Apologies to Dolly Parton, but “working 9-5” is a thing of the past. We no longer work fixed hours and work is encroaching on our personal lives. As businesses evolve in the digital environment, the boundaries are eroding. So many organisations aspire to the principles of “work/life balance”, but as the definition of the workplace has become more fluid, this goal remains elusive. More and more of us work from home, often outside of what used to be termed standard “working hours”. The consequence of this flexibility means that the separation between business and home life has become more difficult to establish and work now encroaches on personal lives.
We may want to juggle work and family commitments, and digital devices give us the power to be more agile in the way we work. So if we work from home, we can do the school run early morning and afternoon, but is the trade-off logging on to emails into the wee small hours? If we feel guilty about taking time out during the working day to take a child to the dentist or help an elderly parent, do we over-compensate by working late into the evening? And what impact does working late at home have on our domestic lives? With so many of us working across different time zones, we may find ourselves communicating with colleagues in Asia before breakfast and dialling into transatlantic conference calls after dinner. And in the era of flexible working, we no longer count how many hours we work. So there is a trade-off and we need to consider whether the stress of extending the working day really is achieving a true work/life balance.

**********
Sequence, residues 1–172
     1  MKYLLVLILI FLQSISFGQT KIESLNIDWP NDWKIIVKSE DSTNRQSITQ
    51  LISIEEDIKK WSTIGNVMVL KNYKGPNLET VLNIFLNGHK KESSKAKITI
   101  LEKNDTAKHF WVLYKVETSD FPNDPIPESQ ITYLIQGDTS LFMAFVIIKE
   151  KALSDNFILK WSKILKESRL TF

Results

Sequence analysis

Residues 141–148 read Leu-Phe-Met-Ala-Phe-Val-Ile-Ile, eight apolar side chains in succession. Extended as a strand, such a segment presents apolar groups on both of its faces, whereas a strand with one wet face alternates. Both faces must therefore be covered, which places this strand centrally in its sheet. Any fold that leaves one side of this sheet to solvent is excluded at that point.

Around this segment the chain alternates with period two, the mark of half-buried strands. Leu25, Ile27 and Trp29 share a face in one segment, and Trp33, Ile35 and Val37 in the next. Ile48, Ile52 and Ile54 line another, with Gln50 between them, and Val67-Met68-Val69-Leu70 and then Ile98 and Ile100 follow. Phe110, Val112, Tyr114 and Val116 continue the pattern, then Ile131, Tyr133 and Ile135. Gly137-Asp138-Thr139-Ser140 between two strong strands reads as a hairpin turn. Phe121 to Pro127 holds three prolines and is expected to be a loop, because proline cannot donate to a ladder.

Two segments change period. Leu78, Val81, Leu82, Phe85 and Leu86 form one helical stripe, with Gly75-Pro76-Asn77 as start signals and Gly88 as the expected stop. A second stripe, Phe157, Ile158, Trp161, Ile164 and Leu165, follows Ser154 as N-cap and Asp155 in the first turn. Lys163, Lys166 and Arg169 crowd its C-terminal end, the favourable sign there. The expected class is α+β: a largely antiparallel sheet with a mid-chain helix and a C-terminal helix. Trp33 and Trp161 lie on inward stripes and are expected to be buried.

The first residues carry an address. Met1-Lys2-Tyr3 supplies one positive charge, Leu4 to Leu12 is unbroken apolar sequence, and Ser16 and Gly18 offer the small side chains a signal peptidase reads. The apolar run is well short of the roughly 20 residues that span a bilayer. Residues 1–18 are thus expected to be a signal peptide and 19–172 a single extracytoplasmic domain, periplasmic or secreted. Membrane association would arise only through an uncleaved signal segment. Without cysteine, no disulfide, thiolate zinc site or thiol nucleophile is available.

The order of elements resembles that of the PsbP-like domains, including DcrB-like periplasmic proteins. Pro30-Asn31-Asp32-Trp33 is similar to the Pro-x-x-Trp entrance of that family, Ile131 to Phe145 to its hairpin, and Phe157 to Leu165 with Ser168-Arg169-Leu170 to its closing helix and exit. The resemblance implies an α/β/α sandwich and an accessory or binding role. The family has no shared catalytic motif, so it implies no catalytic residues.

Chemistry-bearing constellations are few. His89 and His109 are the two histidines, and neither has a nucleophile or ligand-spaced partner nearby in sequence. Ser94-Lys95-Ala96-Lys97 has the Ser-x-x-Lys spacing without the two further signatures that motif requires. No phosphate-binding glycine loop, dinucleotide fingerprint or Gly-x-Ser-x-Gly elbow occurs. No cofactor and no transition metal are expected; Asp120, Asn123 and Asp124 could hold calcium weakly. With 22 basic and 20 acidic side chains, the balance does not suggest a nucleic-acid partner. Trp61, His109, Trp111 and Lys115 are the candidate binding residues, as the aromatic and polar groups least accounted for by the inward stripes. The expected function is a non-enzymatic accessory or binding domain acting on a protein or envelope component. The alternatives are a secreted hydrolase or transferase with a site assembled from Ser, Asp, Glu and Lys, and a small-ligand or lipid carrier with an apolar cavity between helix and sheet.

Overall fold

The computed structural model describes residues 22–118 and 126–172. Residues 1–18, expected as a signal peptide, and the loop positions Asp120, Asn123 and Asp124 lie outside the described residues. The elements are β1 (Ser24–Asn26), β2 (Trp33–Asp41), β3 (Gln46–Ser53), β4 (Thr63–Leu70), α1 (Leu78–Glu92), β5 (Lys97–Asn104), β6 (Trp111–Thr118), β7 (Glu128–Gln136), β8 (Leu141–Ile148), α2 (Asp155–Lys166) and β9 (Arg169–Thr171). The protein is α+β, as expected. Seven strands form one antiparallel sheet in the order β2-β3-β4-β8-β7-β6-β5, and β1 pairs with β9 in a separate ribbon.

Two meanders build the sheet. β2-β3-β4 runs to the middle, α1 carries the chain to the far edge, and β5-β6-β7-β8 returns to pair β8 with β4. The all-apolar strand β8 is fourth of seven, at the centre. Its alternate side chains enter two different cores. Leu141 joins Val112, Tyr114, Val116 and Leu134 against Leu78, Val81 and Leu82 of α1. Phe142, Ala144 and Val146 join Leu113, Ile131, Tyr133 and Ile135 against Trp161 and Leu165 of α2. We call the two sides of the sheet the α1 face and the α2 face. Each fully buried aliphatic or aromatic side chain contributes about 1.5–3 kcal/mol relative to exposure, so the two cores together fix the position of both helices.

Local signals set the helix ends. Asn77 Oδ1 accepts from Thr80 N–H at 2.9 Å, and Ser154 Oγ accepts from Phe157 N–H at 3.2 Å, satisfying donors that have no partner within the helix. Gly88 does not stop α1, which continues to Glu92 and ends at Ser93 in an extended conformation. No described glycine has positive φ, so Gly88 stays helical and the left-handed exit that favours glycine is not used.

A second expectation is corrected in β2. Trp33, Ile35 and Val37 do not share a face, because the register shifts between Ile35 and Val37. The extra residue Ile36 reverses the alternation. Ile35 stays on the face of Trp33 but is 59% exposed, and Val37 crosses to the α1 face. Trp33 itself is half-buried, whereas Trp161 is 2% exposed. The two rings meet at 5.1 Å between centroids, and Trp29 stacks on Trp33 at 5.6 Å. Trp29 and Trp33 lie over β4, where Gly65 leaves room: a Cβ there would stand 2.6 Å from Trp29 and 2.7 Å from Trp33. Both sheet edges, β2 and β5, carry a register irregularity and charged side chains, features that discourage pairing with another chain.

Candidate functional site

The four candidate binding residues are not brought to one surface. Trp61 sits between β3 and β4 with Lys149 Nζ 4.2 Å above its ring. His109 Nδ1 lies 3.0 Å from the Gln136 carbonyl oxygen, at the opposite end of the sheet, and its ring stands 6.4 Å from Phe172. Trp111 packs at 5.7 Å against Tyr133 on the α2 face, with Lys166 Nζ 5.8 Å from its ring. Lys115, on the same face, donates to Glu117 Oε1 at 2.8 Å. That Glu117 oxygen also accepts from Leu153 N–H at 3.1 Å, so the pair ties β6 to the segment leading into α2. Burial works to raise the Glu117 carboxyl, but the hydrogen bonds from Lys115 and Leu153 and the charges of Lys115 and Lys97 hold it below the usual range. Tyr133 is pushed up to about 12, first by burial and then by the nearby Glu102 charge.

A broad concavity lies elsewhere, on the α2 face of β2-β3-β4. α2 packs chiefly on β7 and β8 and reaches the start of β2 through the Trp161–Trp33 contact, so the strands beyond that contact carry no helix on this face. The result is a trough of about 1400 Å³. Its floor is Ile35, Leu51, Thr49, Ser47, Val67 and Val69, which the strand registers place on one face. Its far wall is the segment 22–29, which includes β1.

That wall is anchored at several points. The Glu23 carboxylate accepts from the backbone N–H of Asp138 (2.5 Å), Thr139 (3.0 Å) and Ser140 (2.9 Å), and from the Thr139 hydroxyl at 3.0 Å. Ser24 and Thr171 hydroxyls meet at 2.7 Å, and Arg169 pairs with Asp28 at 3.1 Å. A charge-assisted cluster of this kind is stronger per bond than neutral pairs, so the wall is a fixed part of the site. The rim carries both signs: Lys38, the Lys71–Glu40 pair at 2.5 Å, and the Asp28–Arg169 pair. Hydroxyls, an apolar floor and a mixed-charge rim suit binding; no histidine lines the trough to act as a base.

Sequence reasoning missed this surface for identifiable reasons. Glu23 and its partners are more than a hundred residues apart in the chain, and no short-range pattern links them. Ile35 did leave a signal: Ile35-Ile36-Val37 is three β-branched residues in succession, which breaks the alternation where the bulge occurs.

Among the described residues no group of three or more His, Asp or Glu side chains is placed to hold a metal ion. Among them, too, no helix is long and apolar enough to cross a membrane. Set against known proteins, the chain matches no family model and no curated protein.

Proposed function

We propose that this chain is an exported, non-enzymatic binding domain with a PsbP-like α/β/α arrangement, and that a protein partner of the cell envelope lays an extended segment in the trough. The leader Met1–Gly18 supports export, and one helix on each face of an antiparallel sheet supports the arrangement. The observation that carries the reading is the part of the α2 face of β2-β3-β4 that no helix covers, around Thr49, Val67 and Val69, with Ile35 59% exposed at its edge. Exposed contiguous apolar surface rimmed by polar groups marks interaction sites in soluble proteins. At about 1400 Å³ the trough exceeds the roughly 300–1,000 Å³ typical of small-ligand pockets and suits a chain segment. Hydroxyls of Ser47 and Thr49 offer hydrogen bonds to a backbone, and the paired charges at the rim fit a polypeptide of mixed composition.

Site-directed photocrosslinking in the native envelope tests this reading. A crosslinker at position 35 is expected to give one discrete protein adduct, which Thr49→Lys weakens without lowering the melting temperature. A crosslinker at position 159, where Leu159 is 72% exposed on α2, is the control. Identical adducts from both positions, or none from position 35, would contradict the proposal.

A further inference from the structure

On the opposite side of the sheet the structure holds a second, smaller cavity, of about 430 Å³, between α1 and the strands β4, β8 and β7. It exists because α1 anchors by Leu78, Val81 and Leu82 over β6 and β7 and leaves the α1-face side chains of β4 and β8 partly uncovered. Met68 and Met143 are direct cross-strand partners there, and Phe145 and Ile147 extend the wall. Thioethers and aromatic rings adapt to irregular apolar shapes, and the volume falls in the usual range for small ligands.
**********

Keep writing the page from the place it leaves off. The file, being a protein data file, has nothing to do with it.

Keeping in touch while on holiday
There’s no doubt that we find it difficult not only to switch off from work, but physically to press the off button on our devices. Our digital addiction drives us to check not only our personal emails and social media feeds, but changes and disruption in the workplace also create job insecurity so that we may feel the need to keep checking our work emails at weekends and even from the holiday beach. A recent BBC article examines the dilemma so many of us feel when on holiday about whether it’s better to check work emails from the comfort of your sun lounger or to sift through hundreds of emails when returning to the office. And instability in the work environment may make us feel the need to remain in touch with the business and remind colleagues that we still exist despite the annual fortnightly vacation.
It is a challenge to achieve a true work/life balance and to know when to draw the line on the workplace. But everyone needs literally to switch off and relax. Learning when to take a break from work is something we all need to do. Companies that espouse the work/life balance principle need to make sure that employees truly understand what this means and that they do manage to achieve the right balance in their lives.
Talk to the experts about how to develop an IT strategy to support your work/life balance.